It was during his teaching stint at the University of Montana that Pirsig became interested in how best to define quality. By the time Pirsig moved his family to Chicago to pursue a doctorate in philosophy, that interest had become an obsession. The obsession proved to be one of the symptoms of a severe psychiatric breakdown for which he was hospitalized several times from 1961 to 1963, diagnosed with paranoid schizophrenia and clinical depression. In Zen and the Art of Motorcycle Maintenance Pirsig describes receiving electroconvulsive ("shock") therapy on many occasions during a court-mandated hospital stay. This caused some extensive memory loss that Pirsig describes as an "annihilation" of his former identity. Pirsig also reported that his wife divorced him while he was in the hospital, though their divorce was not finalized until 1978.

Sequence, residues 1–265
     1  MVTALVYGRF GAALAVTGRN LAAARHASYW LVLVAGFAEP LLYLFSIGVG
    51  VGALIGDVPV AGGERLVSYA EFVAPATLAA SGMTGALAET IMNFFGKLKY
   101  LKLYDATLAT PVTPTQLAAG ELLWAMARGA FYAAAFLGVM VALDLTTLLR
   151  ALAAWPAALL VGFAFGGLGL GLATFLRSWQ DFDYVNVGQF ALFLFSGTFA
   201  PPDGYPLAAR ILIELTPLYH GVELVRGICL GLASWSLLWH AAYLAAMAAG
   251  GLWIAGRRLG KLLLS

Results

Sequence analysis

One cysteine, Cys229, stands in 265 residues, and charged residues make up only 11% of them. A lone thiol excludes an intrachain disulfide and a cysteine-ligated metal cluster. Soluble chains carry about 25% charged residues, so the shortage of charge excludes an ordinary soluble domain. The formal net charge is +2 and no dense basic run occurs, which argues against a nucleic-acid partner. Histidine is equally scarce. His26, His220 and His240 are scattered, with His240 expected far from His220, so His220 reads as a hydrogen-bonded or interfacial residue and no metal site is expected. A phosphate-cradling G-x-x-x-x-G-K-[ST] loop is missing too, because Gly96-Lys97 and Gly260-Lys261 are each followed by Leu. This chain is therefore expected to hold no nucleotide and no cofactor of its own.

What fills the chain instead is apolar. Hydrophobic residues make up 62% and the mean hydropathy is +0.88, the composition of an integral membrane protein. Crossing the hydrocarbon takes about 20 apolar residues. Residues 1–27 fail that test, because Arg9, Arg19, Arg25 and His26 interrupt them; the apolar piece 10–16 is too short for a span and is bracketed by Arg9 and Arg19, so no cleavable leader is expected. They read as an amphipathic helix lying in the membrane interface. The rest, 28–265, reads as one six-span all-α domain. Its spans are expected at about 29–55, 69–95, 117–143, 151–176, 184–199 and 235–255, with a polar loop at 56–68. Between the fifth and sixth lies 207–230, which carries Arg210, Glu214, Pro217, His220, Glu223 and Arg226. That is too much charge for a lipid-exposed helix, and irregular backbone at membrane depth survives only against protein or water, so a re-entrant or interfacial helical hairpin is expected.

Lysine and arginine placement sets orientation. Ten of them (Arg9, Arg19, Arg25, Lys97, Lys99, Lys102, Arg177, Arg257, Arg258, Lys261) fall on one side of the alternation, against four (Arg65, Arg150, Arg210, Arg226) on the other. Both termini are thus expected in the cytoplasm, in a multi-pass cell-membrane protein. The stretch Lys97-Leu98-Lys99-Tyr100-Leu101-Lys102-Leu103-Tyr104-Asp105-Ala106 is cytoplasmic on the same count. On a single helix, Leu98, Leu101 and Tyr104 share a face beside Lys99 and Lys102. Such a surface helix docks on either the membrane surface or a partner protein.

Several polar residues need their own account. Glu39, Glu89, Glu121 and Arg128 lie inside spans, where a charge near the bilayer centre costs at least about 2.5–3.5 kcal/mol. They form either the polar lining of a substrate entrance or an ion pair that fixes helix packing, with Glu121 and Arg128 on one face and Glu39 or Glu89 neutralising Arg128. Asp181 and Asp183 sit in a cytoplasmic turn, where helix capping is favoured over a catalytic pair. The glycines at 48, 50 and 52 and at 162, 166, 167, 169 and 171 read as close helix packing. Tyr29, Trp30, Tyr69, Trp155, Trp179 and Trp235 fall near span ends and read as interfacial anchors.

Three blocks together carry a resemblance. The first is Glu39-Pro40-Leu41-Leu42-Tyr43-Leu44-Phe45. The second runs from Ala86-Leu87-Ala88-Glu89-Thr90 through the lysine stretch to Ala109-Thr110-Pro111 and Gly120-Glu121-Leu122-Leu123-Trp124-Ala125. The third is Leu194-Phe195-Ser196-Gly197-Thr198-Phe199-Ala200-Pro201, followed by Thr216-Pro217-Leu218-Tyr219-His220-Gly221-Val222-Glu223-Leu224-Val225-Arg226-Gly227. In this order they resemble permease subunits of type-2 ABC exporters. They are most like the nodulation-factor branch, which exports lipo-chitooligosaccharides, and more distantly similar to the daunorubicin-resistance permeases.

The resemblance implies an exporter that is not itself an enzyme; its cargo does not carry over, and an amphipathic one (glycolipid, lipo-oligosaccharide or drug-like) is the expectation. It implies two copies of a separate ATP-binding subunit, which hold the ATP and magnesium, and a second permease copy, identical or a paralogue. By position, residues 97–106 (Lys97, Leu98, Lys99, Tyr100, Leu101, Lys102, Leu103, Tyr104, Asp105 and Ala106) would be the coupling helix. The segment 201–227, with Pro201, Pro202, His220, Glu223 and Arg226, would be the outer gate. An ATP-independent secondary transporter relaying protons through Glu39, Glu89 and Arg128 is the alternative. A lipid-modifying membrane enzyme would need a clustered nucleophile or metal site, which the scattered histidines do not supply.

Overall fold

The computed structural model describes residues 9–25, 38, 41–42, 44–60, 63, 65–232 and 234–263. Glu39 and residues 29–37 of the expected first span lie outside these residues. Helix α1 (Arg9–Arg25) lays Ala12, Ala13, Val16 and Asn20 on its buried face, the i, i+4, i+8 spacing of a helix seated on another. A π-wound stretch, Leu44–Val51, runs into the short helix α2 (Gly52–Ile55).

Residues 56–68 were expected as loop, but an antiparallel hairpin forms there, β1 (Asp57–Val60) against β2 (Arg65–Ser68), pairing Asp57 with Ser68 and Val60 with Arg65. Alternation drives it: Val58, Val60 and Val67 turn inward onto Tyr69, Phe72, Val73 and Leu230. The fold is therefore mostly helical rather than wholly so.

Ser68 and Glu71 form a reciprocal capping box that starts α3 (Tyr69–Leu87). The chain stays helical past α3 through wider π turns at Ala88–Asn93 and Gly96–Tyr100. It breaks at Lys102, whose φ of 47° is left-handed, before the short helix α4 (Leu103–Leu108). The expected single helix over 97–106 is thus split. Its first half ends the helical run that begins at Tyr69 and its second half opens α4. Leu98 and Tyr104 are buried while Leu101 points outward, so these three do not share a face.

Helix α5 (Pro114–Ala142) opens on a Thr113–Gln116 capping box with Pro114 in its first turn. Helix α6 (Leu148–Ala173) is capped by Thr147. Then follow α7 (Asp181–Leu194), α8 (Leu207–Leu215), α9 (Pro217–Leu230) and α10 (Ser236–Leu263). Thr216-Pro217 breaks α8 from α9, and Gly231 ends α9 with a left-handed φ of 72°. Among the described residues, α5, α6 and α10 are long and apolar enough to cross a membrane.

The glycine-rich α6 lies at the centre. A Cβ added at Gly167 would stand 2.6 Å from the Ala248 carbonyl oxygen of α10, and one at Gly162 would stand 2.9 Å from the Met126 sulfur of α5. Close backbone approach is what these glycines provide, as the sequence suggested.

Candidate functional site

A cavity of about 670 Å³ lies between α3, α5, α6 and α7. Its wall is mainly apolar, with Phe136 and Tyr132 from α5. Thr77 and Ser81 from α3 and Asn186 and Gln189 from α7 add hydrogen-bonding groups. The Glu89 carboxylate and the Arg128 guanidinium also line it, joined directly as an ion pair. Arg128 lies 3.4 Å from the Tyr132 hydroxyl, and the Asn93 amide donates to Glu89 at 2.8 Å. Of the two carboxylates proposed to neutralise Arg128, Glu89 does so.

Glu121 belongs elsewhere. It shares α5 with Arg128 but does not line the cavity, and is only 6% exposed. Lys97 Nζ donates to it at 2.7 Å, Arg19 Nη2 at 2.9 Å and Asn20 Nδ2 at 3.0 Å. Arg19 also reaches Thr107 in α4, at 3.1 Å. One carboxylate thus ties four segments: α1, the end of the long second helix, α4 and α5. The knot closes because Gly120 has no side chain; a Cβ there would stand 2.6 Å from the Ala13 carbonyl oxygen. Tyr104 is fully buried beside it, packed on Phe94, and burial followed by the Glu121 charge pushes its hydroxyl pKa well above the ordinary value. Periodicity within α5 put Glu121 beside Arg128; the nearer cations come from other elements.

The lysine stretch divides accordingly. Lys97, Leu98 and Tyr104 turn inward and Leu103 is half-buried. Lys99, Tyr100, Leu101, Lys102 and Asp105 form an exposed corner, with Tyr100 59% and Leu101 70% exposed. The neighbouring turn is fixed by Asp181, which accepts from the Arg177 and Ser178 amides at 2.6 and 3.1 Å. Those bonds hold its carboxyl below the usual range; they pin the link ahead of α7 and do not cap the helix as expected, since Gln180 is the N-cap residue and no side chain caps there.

Writing Zen and the Art of Motorcycle Maintenance

Once out of the hospital, Pirsig went back to freelance writing, mostly computer manuals; he also began work on Zen and the Art of Motorcycle Maintenance. Before planning the motorcycle trip that would provide the basis for the writing, he wrote a book proposal and sent it to 122 publishing houses. Although 22 editors were interested, only Jim Landis at the publishing company William Morrow was willing to sign a contract for the book. The 17-day trip Pirsig describes in the book takes place in 1968.

The manuscript ended up being over 2,000 pages long. At Morrow, Jim Landis predicted it would "attain classic status" once it had been edited and cut by three-quarters. Landis was right; after only a few months, 50,000 copies had been sold, and the book ultimately sold more than five million copies. Reviewers compared it to Walden and Moby-Dick. Actor-director Robert Redford tried to option the movie rights, but he and Pirsig couldn't agree on a price. He gave dozens of interviews and won a Guggenheim Fellowship to write a sequel. Streams of fans—nicknamed Pirsig's Pilgrims—began showing up at his house.